I love the iPad. Especially when I can palm it off to my daughter at 7am on a Saturday morning to catch a few more moments of shut eye before I have to face the day. However, in the back of my sleep fuddled mind, I’m worrying. What if she stumbles upon a scene from RoboCop (the original) on YouTube? What if she finds Infinity Blade? What if she downloads ‘Lady Chatterly’s Lover’ on iBooks (the horror!).
As anyone will know, unfiltered, unrestricted access to the internet and other features of the iPad is not a good idea for children of a variety of ages. Thankfully, the iPad makes it easy for us, as parents to take the lead in securing the device, whilst still keeping it functional for our children. There is also no need to tinker around under the hood of your router.
If you have an app that you want your child to use, but you don’t want them to have the option of leaving this app to do something else, then you need to enable ‘Guided Access’. You can do this by going to:
Settings >> General >> Accessibility >> Guided Access
Once you enable this, you set a PIN code so you can get out of guided access mode. To activate it, go into the app you want to lock your child into, triple click the Home button and press ‘Start’. Your child will now have full access to that app, but they won’t be able to exit the app (leaving you free to turn over and go back to sleep). If you want to exit the app, triple press the Home button again and enter the PIN code you set up for guided access. You iPad is now back to normal!
You can also customise your iPad restrictions by going to:
Settings >> General >> Restrictions
From here you will be prompted to use a PIN number to set up restrictions. Clearly, don’t make this a PIN code that your child knows. You can then press ‘Enable Restrictions’ to allow you to decide how you want to restrict areas of the iPad. Here are the main sections in the ‘Restrictions’ area:
The ‘Allow’ section here relates to Apple specific parts of the iPad, and presents you with a simple toggle on/off button.
All of this is very self explanatory, but for example, if you have very small children, you may want to restrict everything. For older children you might want to restrict less.
This section relates to apps, websites and media content on the iPad. Most of the options here relate to being able to turn on and off sexual content, or offensive language.
The ‘Websites’ section is very useful here as you can restrict websites to the suggested ones from Apple, but also add your own. Again, this is useful for younger children as you can set up a list of favourites and the child can access these websites only. Be aware though, if you are using other browsers, such as Chrome, then these restrictions won’t work.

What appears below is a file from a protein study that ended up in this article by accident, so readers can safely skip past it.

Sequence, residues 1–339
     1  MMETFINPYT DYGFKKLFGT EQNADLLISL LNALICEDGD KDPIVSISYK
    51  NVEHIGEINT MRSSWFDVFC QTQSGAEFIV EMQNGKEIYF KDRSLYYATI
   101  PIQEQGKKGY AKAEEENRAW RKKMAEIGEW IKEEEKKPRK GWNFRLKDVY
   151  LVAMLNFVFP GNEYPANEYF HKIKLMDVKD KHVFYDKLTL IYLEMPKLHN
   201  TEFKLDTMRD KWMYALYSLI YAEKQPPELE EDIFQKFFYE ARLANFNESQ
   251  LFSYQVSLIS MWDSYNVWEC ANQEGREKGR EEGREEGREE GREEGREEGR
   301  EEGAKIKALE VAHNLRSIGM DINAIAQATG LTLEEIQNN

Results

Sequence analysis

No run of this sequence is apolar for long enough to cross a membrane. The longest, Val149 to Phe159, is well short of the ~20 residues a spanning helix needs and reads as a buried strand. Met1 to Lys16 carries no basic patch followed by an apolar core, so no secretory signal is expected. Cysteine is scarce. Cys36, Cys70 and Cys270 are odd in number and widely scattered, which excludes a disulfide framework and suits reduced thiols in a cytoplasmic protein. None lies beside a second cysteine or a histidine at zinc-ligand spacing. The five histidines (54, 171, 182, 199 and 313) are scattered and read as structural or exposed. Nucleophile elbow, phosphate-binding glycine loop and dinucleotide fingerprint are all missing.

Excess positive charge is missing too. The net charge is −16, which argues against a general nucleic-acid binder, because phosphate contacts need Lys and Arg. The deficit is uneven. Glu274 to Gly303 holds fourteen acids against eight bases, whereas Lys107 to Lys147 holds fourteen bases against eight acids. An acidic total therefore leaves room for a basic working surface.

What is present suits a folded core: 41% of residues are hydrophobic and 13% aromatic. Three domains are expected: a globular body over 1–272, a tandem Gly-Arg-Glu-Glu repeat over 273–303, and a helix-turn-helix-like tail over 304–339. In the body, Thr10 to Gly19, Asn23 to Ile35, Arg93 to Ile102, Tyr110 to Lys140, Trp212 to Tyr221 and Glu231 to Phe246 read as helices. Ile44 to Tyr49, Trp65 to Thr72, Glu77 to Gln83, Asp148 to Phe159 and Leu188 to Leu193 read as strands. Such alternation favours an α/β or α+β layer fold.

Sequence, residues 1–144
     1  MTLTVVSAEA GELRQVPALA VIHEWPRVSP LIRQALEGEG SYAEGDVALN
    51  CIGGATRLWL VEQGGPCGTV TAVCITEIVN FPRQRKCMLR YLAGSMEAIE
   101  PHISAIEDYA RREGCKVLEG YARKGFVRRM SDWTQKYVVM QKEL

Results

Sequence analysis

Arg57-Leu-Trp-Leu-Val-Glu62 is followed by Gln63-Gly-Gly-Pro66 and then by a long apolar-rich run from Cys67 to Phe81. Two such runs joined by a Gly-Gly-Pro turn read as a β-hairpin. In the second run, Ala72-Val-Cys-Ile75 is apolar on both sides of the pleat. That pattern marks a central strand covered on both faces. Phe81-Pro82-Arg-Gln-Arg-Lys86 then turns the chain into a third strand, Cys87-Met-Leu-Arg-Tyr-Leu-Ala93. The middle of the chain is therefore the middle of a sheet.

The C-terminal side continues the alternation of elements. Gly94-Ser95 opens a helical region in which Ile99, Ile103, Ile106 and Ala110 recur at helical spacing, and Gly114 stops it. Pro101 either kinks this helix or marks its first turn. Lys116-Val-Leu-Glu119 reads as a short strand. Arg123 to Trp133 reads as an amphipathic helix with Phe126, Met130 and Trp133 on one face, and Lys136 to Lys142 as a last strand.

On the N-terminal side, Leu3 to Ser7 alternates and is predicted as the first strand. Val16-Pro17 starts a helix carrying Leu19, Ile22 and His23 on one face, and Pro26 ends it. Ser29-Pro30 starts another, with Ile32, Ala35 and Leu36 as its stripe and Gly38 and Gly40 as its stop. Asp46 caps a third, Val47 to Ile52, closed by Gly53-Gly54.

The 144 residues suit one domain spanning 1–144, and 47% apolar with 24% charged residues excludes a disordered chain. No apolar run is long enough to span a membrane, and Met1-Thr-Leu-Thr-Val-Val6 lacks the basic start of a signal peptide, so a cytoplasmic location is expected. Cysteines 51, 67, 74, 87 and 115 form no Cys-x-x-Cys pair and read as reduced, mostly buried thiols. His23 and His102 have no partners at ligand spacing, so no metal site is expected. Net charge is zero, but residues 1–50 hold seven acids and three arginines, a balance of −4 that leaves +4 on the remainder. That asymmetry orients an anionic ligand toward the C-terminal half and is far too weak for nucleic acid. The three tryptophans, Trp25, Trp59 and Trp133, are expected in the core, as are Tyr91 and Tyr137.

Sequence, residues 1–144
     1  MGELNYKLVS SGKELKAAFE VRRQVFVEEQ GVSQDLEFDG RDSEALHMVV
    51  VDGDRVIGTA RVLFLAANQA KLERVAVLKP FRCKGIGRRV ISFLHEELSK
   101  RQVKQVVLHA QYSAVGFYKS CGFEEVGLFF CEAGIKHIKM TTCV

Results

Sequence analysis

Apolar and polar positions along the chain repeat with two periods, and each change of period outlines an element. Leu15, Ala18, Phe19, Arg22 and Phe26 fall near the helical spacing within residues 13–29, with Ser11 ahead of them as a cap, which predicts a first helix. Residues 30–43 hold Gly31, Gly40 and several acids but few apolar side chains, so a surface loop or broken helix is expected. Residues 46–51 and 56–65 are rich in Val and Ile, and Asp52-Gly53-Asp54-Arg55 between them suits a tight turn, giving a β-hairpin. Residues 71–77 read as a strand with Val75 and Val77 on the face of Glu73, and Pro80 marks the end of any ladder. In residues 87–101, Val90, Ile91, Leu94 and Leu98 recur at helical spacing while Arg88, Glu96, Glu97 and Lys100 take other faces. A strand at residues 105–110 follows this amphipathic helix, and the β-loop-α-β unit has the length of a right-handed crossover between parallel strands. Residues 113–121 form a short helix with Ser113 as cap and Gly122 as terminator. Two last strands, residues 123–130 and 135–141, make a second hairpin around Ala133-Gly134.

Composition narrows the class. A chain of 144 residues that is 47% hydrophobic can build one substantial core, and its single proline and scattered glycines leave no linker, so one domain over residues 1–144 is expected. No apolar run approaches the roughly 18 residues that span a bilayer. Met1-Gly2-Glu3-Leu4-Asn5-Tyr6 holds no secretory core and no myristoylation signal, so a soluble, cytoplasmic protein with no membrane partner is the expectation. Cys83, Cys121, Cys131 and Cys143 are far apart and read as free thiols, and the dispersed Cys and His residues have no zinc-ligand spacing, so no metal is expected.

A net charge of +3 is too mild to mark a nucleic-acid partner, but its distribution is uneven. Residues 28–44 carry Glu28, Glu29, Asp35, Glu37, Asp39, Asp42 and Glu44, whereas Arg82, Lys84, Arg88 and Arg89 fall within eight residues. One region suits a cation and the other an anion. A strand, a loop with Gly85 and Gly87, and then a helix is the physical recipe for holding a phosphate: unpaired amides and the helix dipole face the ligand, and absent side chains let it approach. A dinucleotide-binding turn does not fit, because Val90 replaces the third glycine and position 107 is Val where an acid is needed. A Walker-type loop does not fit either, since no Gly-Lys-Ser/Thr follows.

This section has a variety of options, mainly centring on stopping certain apps on the iPad using your private data. For example, the Flipboard app may request access to your Twitter account to post tweets on your behalf, or a photo editing app may request access to your camera roll. You can stop this access here.
This section is probably slightly less immediately useful for younger children, but it may prevent your older children from messing about with your content and accounts in an individual app.
Here you can prevent changes to accounts like your mail, contacts and calendars (in other words, stop your children deleting or editing them). There is also the potentially useful ‘Volume Limit’ which prevents anyone from changing the volume. Useful if you are on the edge of going all Michael Douglas in Falling Down after listening to the repetitive music in that kiddie game for the hundredth time.
Again, this is very self explanatory, but useful if you want to avoid your children adding random friends in Game Center.
The beauty of the ‘Restrictions’ settings is that once you have set it up to your satisfaction, you can just press on ‘Enable Restrictions’ to quickly activate them, and ‘Disable Restrictions’ when you want to use your iPad again.
Having said all of this, children are masters at circumventing most restrictions placed on them, whether technical or not. Restricting by blocking is one thing, but nothing can really replicate a good old chat with your children about the do’s and don’ts of iPad and internet use, and the build up of trust which will pay dividends in the future.
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